The second option is distance learning. Everyone – including President Biden and tens of millions of parents across America – was excited for the children to return to the classrooms in August. But as the number of cases has reached hundreds and thousands, it has become clear that many of these districts cannot hope to hold normal classes under the current conditions. Forcing schools to stay open and punishing them into forcing in-person tuition rather than distance learning is not only a counterproductive strategy, it is doomed to fail. In-person learning is definitely preferable in most cases for a variety of reasons, but school districts that are forced to close repeatedly due to hundreds of infected children and laid-off staff are immeasurably worse than offering regular, predictable, and consistent distance learning.
To support these measures, the federal government should take a number of measures to protect children and help end the pandemic. Harmful state laws and regulations that currently put children at risk make everything harder than it should be, but it is absolutely necessary to stumble upon yourself about it. There are real limits to what the federal government can do, and particularly what can be done through orders from the executive, so some of these steps may be more of a recommendation than a mandate. But each of them needs to be discussed.
Some of the steps have already been taken, but some – particularly those related to distance learning – have been reversed in recent months.
Promote masking requirements and pursue federal lawsuits against states preventing local school districts from imposing masking requirements.
Provide federal funding for school districts and individuals blocked by states like Florida, where Governor Ron DeSantis is still risking children for political gain.
Report state investigations into school districts like the one in Adrian, Oregon, where the principal, Oregon Live reports, was fired for following state masking law.
Provide state protection for teachers, school principals, and school board members who are harassed and threatened for trying to enact or enforce masking requirements.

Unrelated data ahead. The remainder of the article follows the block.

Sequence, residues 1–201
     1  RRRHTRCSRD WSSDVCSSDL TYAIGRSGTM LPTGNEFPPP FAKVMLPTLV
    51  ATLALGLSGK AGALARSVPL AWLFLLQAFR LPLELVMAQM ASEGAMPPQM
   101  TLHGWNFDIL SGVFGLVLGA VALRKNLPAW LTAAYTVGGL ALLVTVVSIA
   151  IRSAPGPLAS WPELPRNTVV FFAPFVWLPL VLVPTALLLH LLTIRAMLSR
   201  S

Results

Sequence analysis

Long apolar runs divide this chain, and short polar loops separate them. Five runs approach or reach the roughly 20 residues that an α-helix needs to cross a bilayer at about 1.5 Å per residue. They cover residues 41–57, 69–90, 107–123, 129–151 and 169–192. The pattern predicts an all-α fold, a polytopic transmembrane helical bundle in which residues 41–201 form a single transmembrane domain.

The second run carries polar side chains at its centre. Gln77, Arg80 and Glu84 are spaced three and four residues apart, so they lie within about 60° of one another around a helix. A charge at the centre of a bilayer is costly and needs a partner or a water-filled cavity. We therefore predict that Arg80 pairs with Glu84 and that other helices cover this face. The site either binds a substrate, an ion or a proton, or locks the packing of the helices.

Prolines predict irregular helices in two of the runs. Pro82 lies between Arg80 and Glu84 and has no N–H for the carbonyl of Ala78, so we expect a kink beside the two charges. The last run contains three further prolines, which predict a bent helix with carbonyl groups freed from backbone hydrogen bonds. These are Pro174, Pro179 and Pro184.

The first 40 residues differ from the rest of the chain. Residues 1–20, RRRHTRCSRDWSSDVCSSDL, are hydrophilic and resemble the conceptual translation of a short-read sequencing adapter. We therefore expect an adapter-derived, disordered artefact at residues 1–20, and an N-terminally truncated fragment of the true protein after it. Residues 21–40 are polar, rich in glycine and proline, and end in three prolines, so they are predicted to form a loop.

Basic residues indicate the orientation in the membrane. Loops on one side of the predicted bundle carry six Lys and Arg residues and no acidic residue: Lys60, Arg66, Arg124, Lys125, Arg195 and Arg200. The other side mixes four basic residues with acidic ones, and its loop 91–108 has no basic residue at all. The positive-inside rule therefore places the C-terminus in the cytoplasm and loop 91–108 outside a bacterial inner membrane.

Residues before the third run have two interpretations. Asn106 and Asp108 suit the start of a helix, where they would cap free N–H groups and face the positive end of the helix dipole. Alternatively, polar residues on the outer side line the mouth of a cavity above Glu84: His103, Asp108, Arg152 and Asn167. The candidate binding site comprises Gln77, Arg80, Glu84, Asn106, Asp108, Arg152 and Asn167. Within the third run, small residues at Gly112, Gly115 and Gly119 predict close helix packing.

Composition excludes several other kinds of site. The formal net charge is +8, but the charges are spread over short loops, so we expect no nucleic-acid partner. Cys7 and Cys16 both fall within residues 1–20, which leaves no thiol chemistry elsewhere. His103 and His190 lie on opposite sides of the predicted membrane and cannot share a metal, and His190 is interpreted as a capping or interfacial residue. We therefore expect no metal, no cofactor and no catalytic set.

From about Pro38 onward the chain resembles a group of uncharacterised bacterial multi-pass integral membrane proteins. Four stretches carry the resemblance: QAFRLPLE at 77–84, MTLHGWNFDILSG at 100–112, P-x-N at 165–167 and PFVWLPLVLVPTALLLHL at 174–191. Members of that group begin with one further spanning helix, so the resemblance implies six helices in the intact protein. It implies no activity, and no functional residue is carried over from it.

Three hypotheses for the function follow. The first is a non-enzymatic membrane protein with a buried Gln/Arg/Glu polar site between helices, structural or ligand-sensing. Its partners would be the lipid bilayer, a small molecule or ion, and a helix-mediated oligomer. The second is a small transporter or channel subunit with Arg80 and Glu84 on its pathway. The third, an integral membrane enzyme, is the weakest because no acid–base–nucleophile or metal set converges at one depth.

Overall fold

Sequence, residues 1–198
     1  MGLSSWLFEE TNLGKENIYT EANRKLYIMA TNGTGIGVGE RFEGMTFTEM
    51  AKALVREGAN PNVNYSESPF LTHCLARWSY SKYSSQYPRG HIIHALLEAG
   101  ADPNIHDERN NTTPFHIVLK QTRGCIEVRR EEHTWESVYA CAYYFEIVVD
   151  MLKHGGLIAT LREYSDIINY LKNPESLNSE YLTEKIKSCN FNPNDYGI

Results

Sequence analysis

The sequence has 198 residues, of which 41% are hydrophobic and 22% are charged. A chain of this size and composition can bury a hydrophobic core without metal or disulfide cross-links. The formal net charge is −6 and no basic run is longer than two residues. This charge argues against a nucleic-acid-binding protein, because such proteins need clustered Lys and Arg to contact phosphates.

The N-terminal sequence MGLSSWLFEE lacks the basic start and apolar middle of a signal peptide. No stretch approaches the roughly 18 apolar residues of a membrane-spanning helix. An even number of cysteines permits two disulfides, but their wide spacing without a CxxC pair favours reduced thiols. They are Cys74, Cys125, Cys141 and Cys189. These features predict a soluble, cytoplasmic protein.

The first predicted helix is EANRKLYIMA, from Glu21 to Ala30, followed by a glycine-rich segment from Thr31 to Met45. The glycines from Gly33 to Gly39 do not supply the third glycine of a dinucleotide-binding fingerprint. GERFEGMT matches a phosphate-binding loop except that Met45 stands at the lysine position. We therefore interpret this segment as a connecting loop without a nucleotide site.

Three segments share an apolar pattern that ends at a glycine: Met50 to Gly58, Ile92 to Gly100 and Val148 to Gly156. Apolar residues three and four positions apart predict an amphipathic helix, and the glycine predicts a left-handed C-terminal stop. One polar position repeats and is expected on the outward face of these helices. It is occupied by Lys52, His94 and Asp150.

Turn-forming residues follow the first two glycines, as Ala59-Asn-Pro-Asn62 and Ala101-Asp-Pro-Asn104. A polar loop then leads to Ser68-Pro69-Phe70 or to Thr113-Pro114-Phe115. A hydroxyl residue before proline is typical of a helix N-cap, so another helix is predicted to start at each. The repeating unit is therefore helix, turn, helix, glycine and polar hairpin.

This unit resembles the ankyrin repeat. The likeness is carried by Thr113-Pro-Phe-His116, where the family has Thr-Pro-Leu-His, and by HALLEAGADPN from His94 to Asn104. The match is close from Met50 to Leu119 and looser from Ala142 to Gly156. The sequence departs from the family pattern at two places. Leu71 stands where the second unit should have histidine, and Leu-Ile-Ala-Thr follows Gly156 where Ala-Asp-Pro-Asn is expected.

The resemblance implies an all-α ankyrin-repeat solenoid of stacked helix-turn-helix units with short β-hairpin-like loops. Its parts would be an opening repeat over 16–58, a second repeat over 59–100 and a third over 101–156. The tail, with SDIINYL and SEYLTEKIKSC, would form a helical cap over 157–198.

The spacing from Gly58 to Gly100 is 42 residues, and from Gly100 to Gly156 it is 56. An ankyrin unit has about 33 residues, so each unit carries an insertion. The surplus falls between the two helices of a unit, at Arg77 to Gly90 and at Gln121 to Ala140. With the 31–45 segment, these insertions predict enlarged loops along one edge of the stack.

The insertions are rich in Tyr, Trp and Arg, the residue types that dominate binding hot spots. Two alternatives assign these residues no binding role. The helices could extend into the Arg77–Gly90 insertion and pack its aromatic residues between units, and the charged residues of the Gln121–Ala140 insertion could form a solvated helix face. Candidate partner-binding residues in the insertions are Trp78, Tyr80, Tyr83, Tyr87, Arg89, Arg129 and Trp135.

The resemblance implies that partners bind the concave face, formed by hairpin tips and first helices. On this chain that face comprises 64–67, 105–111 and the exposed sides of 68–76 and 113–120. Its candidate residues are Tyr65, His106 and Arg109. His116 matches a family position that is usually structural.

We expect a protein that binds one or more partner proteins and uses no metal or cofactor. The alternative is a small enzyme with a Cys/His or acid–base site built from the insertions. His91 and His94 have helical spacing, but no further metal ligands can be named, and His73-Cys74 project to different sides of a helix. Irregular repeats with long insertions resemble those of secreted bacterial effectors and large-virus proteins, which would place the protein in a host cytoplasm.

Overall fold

Restore federal funding and support for distance learning.
Provide clear guidelines on when schools should switch from in-person to distance learning, as well as guidance on the steps that should be taken before in-person lessons can return.
Defend districts from criminal prosecution by governors and government agencies who insist on personal instruction regardless of the conditions, including federal funding if required.
Aim federal funding to provide Internet access to students where distance learning is in effect.
Hospital funding and resources
Providing emergency funding and resources to children's hospitals.
Relocate military personnel to support roles in these facilities to alleviate the critical health care skills shortage.
Explain a national child mental health crisis and provide emergency assistance for advice and assistance.
Start a second round of national vaccinations, which will be used to vaccinate every child under the age of 11, as soon as vaccines become available.
Introduce a national mandate that every child aged 5 and over must receive at least one dose of COVID-19 vaccine before they can participate in personal classes, sporting events or other school-based activities.
Children and adolescents can become infected with SARS-CoV-2, contract COVID-19 and transmit the virus to others. … symptomatic illnesses in children aged 5 to 17 years were comparable to the infection and symptomatic disease rates in adults aged 18 to 49 years and higher than in adults aged 50 years and older. – CDC